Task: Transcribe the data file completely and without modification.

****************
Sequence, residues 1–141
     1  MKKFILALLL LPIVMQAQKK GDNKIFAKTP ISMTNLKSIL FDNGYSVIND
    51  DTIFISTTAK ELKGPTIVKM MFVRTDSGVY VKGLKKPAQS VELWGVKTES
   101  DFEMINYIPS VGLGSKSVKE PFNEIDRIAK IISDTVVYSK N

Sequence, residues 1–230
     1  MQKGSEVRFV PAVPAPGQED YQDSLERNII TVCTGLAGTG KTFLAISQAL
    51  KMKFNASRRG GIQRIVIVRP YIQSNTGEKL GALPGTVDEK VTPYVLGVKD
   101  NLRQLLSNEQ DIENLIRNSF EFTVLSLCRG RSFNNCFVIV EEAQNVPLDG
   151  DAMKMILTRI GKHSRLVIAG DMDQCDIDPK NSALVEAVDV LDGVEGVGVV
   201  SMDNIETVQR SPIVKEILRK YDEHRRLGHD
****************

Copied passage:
Sequence, residues 1–141
     1  MKKFILALLL LPIVMQAQKK GDNKIFAKTP ISMTNLKSIL FDNGYSVIND
    51  DTIFISTTAK ELKGPTIVKM MFVRTDSGVY VKGLKKPAQS VELWGVKTES
   101  DFEMINYIPS VGLGSKSVKE PFNEIDRIAK IISDTVVYSK N

Sequence, residues 1–230
     1  MQKGSEVRFV PAVPAPGQED YQDSLERNII TVCTGLAGTG KTFLAISQAL
    51  KMKFNASRRG GIQRIVIVRP YIQSNTGEKL GALPGTVDEK VTPYVLGVKD
   101  NLRQLLSNEQ DIENLIRNSF EFTVLSLCRG RSFNNCFVIV EEAQNVPLDG
   151  DAMKMILTRI GKHSRLVIAG DMDQCDIDPK NSALVEAVDV LDGVEGVGVV
   201  SMDNIETVQR SPIVKEILRK YDEHRRLGHD